“The Isolation of the Burned.”
In Sri Lanka and throughout the Global South, burn survivors often live in an unseen world, ostracized and hidden from society because of their disfigurements and disabilities. This photo of Iresha looking out her window wearing a mask to reduce scarring captures the isolation and stigma burn survivors suffer. The image echoes the words of Dr. Chandini Perera, Interplast's partner in Sri Lanka and Iresha’s surgeon. “Burns is a painful disease-- emotionally and physically. The treatment is painful. The follow up is painful. The response from society is painful. Survivors, unlike someone with a terminal illness, they don’t die; they actually live, but you can’t see them because they can’t come out. Society will not accept them.”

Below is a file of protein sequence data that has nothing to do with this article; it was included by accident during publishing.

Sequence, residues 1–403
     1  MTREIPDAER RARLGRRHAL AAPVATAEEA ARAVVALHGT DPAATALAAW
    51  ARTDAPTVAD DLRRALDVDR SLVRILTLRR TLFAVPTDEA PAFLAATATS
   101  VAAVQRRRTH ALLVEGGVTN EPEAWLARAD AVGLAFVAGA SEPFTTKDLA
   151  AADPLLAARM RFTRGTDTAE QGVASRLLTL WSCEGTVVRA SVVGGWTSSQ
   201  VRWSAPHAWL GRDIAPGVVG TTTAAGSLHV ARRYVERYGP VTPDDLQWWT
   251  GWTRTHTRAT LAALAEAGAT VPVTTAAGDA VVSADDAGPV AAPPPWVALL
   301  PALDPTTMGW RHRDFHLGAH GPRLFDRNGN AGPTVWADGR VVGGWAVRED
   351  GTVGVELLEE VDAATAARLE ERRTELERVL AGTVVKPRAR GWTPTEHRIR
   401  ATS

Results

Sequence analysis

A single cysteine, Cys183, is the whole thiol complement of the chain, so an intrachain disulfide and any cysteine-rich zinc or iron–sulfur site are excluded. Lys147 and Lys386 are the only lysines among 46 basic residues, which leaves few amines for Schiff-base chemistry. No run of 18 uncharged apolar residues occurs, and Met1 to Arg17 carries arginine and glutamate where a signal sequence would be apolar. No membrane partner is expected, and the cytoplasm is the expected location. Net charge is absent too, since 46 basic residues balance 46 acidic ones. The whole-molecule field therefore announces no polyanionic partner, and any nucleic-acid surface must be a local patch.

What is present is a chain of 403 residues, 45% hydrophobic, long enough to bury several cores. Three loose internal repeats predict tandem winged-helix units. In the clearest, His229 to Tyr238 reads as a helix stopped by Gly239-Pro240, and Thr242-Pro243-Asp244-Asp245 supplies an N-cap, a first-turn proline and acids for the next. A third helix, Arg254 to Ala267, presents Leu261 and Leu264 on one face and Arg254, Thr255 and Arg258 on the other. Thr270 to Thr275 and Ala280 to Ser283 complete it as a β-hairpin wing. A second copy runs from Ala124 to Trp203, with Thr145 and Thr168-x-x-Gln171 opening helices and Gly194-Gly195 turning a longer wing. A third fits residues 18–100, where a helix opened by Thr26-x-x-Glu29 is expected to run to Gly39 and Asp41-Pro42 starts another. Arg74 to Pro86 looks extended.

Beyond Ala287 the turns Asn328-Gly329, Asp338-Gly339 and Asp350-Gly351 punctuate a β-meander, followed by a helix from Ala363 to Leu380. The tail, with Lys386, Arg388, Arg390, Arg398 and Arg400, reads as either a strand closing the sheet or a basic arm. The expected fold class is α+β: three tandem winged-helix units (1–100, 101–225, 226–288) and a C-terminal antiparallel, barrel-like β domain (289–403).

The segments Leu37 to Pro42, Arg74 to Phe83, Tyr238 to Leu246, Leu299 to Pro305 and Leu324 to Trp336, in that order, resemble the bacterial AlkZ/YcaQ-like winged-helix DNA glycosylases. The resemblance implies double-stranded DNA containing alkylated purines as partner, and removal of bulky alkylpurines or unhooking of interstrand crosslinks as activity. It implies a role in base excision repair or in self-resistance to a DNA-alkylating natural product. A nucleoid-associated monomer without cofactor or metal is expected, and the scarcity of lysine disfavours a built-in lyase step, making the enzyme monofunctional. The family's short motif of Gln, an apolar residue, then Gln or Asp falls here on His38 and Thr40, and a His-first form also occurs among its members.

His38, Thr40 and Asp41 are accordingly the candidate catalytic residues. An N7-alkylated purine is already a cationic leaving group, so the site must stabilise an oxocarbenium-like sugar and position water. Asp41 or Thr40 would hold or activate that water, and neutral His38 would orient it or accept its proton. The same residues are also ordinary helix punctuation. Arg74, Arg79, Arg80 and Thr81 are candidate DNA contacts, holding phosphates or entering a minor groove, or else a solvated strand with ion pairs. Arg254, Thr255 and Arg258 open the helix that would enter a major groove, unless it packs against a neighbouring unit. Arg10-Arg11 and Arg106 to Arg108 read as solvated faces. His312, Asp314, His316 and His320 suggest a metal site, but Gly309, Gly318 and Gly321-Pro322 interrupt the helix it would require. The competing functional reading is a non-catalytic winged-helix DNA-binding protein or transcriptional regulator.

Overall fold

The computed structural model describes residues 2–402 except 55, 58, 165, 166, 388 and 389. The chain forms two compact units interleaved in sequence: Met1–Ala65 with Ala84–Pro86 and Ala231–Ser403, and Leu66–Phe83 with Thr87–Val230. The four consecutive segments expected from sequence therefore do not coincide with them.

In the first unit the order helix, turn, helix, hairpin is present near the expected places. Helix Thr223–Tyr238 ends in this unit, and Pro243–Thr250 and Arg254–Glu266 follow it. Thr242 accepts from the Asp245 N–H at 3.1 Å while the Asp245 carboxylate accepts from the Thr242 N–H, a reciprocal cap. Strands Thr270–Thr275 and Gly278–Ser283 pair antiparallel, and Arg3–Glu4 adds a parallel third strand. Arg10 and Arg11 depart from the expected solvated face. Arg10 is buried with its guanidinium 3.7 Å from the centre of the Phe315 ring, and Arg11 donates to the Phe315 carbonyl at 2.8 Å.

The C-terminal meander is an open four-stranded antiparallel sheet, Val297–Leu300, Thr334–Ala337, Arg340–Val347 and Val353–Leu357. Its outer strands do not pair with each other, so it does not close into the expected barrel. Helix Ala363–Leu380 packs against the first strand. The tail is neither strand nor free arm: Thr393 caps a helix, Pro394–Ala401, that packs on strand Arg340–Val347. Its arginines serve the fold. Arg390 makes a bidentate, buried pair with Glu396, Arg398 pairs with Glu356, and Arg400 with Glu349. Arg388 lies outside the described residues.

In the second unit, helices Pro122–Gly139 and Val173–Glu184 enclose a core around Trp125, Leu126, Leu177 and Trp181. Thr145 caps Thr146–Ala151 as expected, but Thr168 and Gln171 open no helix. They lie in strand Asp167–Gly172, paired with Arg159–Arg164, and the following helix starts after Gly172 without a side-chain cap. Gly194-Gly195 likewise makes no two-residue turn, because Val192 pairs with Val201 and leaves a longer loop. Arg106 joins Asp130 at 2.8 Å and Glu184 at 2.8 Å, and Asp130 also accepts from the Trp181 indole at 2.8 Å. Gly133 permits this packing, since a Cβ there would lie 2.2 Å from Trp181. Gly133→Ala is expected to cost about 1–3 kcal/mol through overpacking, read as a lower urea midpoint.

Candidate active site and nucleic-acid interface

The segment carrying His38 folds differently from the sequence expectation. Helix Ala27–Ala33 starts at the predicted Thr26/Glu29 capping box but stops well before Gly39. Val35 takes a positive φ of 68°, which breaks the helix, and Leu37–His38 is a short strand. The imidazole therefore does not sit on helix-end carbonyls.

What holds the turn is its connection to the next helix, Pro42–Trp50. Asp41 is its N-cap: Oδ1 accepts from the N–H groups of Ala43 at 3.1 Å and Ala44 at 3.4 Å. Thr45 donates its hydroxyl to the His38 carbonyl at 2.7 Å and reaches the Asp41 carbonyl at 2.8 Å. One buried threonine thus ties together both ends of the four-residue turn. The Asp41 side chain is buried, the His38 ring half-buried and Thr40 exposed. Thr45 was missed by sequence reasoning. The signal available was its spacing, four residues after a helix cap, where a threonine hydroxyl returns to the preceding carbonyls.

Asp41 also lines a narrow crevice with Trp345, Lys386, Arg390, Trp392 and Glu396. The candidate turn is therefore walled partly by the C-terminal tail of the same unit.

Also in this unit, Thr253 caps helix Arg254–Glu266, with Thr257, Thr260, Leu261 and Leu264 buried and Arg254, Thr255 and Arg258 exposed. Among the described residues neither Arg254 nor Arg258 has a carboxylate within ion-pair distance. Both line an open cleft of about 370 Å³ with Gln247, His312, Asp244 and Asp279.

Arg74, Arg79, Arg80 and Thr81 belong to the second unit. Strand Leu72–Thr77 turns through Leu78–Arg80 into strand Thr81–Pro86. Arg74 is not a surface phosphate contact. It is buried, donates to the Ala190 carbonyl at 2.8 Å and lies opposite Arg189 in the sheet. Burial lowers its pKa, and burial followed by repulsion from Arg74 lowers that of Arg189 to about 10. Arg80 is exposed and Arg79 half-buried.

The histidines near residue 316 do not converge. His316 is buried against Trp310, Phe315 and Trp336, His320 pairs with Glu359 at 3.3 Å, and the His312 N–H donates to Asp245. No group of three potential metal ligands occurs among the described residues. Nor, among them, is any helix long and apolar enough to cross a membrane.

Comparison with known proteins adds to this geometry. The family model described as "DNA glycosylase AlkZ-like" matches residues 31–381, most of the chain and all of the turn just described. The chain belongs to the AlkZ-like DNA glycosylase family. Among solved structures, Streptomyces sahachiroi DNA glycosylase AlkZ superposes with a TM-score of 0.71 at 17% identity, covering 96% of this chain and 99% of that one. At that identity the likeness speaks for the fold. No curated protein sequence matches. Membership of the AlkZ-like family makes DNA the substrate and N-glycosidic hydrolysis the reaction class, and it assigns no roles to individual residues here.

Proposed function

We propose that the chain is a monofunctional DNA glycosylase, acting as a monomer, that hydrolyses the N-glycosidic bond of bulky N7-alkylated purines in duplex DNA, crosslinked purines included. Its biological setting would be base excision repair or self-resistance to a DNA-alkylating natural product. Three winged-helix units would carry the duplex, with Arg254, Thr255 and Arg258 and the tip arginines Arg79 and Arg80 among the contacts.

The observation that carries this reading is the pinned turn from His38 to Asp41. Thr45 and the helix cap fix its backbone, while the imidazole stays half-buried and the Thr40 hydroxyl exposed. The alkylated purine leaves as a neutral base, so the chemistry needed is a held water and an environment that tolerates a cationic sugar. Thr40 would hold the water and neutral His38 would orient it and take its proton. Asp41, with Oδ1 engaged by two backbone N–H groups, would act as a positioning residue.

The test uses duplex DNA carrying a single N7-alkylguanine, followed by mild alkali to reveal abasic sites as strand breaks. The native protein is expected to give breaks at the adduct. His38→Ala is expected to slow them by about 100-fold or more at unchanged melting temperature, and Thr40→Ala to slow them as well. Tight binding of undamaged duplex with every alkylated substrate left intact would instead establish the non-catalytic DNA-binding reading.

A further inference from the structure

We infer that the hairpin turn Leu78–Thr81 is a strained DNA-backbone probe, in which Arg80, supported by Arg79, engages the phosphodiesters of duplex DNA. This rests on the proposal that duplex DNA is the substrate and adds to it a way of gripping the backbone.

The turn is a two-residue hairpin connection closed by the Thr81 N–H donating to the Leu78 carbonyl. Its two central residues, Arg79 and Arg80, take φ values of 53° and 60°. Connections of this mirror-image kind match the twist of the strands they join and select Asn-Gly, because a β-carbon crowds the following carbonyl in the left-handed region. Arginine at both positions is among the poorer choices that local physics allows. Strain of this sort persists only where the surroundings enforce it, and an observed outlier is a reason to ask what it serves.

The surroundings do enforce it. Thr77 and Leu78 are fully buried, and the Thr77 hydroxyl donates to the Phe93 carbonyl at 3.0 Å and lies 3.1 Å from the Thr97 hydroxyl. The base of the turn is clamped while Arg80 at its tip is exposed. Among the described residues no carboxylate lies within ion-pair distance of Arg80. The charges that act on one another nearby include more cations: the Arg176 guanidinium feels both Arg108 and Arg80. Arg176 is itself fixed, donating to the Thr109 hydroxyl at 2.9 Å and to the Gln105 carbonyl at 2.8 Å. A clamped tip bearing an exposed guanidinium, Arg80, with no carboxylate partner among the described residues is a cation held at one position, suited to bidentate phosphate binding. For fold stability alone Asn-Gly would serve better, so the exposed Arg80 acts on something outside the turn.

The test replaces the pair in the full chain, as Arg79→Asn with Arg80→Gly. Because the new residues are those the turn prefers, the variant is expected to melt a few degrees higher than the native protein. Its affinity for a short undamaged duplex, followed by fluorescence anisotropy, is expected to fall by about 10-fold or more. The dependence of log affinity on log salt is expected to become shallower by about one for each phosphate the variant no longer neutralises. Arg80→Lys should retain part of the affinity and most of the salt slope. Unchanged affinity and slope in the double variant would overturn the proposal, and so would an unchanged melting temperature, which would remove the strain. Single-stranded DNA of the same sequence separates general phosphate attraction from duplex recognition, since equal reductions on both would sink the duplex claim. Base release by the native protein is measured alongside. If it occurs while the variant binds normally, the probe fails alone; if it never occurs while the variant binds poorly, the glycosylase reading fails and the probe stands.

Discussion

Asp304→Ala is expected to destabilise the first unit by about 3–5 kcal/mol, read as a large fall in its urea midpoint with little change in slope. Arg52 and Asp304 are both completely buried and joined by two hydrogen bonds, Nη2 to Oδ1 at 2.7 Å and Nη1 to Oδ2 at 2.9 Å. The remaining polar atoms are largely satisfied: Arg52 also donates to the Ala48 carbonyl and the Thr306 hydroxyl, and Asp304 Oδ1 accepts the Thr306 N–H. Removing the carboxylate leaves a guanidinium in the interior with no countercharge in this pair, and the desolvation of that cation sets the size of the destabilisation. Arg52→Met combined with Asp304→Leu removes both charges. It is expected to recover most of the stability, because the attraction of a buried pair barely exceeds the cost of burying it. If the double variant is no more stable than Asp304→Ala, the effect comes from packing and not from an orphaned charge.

Compounding the prejudices against them, many women, like Iresha, receive their burns through acts of violence. But burns are most often caused by accidents, as the billion plus living in extreme poverty still uses open fires for lighting and cooking. The number of women burned each year also is staggering: nearly 4 million women fall victim to a severe burn from fire each year—the same number who are diagnosed with HIV/AIDS every year. According to the World Health Organization, women in Southeast Asia (which includes Sri Lanka and India) who survive burns lose more productive years from fire burns than from malaria and HIV/AIDS combined. That is because burns can cause debilitating contractures that restrict crucial functions, like bending an arm or walking, and left untreated can leave one disabled and without income forever.
Thankfully, Iresha is one of the lucky survivors who is receiving reconstructive surgery to restore her abilities and will have a second chance at life, but getting there will be difficult journey.